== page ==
whether the coaches or Ellis himself is more responsible for that.)
Weeks did have a hard grounder right at him later in that inning that he
knocked down first instead of gloving cleanly, but he didn't panic and
trusted his arm, so the out was still made easily.
David DeJesus missed a double or maybe even triple, possibly of the
run-scoring variety, by a matter of inches, lining a ball down the right-field
line in the fourth with Daric Barton on first base. Barton read the ball off the
bat and was already well around second when the ball landed and was called foul,
so, depending on how Nick Markakis played the ball, Barton might've had a good
shot at the plate. DeJesus wound up striking out in the at-bat and did nothing
else of note at the plate.
In the field, though, DeJesus made one of the better plays on a line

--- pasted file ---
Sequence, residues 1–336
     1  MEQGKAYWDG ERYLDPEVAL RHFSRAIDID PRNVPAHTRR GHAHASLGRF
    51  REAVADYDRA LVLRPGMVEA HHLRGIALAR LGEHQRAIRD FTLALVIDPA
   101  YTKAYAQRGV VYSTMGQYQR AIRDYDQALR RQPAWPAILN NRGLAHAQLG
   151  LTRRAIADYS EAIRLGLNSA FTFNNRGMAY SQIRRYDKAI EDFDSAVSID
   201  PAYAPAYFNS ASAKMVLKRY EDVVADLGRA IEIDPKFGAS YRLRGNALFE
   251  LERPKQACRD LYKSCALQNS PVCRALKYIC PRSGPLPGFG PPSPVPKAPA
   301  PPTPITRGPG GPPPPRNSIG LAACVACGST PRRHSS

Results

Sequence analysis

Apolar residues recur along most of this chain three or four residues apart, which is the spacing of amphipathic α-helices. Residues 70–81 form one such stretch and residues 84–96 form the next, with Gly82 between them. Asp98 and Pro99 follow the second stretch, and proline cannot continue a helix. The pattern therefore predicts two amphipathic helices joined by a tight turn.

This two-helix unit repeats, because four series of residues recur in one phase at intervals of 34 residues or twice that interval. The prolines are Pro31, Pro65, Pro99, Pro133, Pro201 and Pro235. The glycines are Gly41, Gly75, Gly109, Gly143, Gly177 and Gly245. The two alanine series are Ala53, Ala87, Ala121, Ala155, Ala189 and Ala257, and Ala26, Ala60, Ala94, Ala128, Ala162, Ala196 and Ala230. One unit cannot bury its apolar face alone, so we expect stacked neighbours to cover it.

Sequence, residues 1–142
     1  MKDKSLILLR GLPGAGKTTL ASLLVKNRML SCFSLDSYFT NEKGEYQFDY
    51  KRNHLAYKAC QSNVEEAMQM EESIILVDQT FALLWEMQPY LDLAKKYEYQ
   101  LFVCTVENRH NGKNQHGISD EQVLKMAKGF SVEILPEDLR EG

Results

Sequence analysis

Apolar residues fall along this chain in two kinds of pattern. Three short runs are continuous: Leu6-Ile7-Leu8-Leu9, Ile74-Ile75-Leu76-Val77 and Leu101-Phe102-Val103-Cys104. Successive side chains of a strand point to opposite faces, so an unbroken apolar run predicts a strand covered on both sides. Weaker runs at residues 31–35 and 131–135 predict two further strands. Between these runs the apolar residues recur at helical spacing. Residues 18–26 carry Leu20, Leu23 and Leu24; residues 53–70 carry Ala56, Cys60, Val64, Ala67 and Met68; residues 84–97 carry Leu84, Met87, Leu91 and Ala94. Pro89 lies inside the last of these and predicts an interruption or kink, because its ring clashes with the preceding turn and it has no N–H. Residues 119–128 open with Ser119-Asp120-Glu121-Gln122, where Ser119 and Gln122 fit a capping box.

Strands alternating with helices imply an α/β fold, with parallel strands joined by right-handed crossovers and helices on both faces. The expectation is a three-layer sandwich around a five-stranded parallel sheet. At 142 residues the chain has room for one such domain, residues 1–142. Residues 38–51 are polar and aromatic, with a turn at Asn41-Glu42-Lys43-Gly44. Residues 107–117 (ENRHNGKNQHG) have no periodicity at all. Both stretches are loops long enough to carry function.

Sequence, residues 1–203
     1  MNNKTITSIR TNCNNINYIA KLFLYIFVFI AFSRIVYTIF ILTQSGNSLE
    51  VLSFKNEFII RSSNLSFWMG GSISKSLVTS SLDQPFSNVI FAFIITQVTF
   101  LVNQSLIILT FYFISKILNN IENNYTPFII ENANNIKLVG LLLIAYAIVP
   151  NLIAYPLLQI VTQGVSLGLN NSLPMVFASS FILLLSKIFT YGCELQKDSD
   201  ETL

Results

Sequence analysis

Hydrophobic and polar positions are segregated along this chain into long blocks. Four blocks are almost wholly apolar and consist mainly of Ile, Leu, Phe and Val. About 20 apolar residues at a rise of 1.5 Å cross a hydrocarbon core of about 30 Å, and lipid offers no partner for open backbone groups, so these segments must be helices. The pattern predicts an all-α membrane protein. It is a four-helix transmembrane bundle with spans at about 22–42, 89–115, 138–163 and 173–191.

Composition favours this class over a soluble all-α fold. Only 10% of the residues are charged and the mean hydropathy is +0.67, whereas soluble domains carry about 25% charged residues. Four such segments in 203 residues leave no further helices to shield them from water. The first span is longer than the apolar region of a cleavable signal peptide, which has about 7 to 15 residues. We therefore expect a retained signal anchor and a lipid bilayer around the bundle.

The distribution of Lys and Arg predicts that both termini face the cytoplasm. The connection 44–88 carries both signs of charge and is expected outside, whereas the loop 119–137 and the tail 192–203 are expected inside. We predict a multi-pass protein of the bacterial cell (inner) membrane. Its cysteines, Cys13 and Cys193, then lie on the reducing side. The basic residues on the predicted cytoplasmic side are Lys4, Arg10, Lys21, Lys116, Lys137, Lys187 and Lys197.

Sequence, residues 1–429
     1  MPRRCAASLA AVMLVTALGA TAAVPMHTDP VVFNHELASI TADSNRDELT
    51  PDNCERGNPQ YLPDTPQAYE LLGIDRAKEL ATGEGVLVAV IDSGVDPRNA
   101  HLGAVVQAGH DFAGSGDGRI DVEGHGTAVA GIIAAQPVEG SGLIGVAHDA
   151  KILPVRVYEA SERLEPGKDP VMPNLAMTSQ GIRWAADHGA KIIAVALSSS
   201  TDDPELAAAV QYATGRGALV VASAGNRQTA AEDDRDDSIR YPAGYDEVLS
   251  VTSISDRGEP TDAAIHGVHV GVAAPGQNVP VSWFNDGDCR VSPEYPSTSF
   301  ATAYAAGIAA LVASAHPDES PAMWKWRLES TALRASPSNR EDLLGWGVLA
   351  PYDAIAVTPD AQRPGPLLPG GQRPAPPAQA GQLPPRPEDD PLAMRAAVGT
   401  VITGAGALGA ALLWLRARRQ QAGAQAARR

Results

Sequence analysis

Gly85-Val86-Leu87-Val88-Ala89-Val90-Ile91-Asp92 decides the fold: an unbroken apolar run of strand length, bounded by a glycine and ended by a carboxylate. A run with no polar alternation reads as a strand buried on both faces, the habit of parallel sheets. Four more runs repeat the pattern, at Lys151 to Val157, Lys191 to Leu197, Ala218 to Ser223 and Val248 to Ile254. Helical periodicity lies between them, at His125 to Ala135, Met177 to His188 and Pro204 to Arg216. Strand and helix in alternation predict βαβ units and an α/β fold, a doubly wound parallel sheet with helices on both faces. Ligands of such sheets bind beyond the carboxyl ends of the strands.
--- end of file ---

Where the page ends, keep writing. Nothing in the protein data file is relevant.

drive into the corner I've seen. Matt Wieters struck the ball very well,
and it looked off the bat like an easy double. DeJesus, though, played
the ball cleanly on one hop of the wall and fired a quick strike back to
the infield, keeping Wieters, who, granted, doesn't run that fast, to
just a single.
(Insert obligatory "plays that don't show up in the box score!" here,
except I think that the advanced defensive metrics do attempt to account
for outfielders that hold runners from taking additional bases.)
Ryan Sweeney had a frustrating night, hitting three line drives, only one of
which fell for a hit. Mark Reynolds made half-dive-half-fall-down catch in the
sixth on a low drive down the LF line in the sixth, and a ninth-inning hard shot
went right to Derrek Lee. When line-drives are supposed to fall for hits
something like 70% of the time, only getting one knock out of three is pretty
Kurt Suzuki's double on a 3-1 fastball that looked like it would've been ball
four is the kind of hit that makes a fan of my leanings very conflicted. On the
one hand, swinging at pitches out of the zone isn't the way to success. On the
other hand, on 3-1, a batter might find it profitable to pick a spot and look
for a fastball, taking a big rip if he gets it. If Suzuki was looking in and got
a hittable fastball a bit farther in than Jakubauskas meant to throw it, then I
guess I can forgive him jumping on it.